Deloitte Consulting buys asset management consultancy Casey Quirk

22 July 2016

Deloitte has acquired Connecticut-based Casey Quirk, a management consultancy specialised in the asset management industry. The Casey Quirk partners and team will transition to Deloitte Consulting and will operate under the ‘Casey Quirk by Deloitte’ brand.

Founded by consulting veteran John Casey* and Kevin Quirk, Casey Quirk today serves a majority of the world’s 50 largest asset managers – according to the firm’s website, its client roster includes 70% of the world’s 25 largest asset managers. Over the past period the firm has seen strong growth: the Connecticut headquartered consultancy more than doubled its staff to around 50 in the space of three years and opened further offices in Hong Kong and New York.

“Joining Deloitte is an optimal choice to help us maintain our tremendous growth,” comments Yariv Itah, Managing Partner of Casey Quirk. “We also believe this creates a superior career platform for our talented team.”

The joining of forces with Deloitte Consulting – with more than 23,000 professionals globally the world’s largest management consulting firm according to ALM Intelligence – will allow both firms to better address “evolving and complex challenges including globalisation, innovation, competition, and, most importantly, shifts in investor requirements,” states Joe Guastella, US Financial Services Consulting leader at Deloitte Consulting.

Deloitte Consulting buys asset management consultancy Casey Quirk

According to a recent study by Willis Towers Watson, the globe’s 500 largest asset managers have around $78 trillion of assets under management, but, across the landscape, several trends are making a growing impact. Among the developments highlighted are challenges such as fee pressure, industry consolidation, technology disruption and increased regulation. Another major development is the rise of alternative assets, which is eating a growing share of the market, and is forecasted to reach $15.3 trillion by 2020, found PwC in another report. 

Building on the expertise of both parties, Guastella says that Casey Quirk by Deloitte will be to help asset management organisations navigate through the choppy waters, providing them with an “end-to-end suite of consulting services”, from strategy through operational execution. “This combination provides an unparalleled value proposition to the marketplace,” adds Quirk.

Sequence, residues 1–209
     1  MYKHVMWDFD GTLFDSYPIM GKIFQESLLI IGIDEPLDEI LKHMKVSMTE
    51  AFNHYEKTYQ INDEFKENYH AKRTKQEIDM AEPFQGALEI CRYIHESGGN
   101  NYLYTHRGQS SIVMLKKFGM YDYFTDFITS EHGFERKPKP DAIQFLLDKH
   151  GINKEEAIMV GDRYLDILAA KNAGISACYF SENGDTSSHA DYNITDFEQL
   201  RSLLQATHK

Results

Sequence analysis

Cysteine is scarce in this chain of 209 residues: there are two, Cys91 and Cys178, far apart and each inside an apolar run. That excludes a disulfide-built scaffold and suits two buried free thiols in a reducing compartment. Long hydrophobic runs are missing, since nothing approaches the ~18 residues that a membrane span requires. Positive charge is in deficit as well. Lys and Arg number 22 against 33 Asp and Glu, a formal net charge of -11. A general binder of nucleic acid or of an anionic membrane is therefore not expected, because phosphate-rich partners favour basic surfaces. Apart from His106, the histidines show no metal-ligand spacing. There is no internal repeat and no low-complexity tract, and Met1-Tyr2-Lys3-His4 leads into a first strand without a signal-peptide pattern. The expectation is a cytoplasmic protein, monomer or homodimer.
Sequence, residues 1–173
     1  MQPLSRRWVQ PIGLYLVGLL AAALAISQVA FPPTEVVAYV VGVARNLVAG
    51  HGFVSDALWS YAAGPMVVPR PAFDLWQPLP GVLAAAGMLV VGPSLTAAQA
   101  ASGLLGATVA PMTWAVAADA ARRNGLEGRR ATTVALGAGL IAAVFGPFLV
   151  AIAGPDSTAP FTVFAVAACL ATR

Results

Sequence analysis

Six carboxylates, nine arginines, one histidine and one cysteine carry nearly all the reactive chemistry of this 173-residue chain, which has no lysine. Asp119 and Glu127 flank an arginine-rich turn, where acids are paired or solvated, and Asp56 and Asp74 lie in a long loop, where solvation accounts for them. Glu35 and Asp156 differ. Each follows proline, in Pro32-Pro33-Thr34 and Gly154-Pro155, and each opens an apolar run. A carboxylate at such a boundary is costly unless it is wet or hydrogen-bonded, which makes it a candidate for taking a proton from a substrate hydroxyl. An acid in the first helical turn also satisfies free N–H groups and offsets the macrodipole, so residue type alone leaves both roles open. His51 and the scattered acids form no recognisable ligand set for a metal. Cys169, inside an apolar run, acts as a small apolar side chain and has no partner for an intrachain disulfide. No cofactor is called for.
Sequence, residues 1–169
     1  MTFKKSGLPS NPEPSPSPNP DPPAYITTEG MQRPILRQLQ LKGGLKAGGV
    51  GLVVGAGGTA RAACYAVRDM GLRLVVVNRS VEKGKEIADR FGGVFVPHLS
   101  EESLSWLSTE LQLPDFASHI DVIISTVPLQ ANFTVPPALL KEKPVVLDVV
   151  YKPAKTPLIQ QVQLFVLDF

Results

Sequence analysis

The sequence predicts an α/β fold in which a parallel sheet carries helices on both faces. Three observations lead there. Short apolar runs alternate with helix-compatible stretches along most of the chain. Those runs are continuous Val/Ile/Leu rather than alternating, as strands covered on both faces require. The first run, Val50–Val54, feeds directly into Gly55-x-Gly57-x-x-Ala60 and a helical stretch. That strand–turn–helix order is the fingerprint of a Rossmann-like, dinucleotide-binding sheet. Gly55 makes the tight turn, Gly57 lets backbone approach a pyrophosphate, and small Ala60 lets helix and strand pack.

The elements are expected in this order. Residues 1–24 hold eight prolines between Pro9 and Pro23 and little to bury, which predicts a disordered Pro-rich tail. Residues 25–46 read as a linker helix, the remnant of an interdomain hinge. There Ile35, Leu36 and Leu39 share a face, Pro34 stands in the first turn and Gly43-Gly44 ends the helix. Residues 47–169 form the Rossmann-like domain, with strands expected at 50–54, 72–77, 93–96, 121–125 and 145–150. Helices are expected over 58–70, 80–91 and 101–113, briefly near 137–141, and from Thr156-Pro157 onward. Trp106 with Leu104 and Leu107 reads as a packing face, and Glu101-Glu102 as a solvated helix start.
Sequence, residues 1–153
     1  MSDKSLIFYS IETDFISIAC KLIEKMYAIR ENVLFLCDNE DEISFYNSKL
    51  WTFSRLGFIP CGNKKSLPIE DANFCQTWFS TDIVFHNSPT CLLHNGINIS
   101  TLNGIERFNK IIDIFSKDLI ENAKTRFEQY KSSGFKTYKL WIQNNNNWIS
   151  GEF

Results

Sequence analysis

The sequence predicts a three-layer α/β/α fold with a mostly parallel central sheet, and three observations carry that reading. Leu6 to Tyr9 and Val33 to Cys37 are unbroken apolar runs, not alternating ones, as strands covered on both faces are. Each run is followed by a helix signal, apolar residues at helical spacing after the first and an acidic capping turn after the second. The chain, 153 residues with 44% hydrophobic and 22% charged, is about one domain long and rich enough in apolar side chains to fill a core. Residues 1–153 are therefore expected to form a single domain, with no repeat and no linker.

The combined entity will compete with similar practices of the other Big Four, specialised players such as Alpha FMC, and the asset management advisory units of investment firms and banks, among others.

String of acquisitions
The pickup of Casey Quirk is the latest in a string of strategic acquisitions Deloitte Consulting has made in recent years. This year the business advisory bought French IT consultancy Cleversys, while last year the Big Four closed more than ten consulting deals, including Kaisen Consulting (UK and US), life science compliance firm CIS (US), LRA Worldwide (US), as well as FCTB and Indicia Talent & Performance (both in the Netherlands). A few years back, early 2013, Deloitte Consulting closed one of the largest acquisitions in the history of its Consulting business, when it purchased Monitor, a strategy consultancy with at the time around 1,200 consultants (today ‘Monitor Deloitte’).

* Over the course of more than four decades in asset management John Casey founded consulting firms such as Rogers, Casey & Associates and Barra Strategic Consulting Group (the predecessor to Casey Quirk). In August 2015 he transitioned to the role of senior advisor and passed on the chairmanship of Casey Quirk to co-founder Kevin Quirk.


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Accenture's push into the creative sector is an identity crisis

18 April 2019

In its latest push into the creative sector, Accenture Interactive acquired New York and London-based ad agency Droga5 earlier this month, adding illustrious clients such as HBO, Amazon and The New York Times to its roster of clients. With the latest in a long line of similar purchases, Accenture Interactive further demonstrated its ambition of becoming the globe’s leading trusted advisor to chief marketing officers. Yet according to Ben Langdon, Chairman of Class35, Accenture’s strategy may be heading in the wrong direction.

A press release on Accenture’s website announcing the acquisition sits next to a quote stating that “brands aren’t built through advertising” – a huge contradiction from a consultancy firm hell-bent on becoming the ‘CMO agency of choice’. It’s not alone of course. The entire consulting industry wants a piece of the creative pie right now. In addition to Accenture Interactive, recent acquisitions by PwC Digital, IBM iX, and Deloitte Digital meant that in 2017, for the first time ever, four of the world’s ten largest creative agencies were consultancies.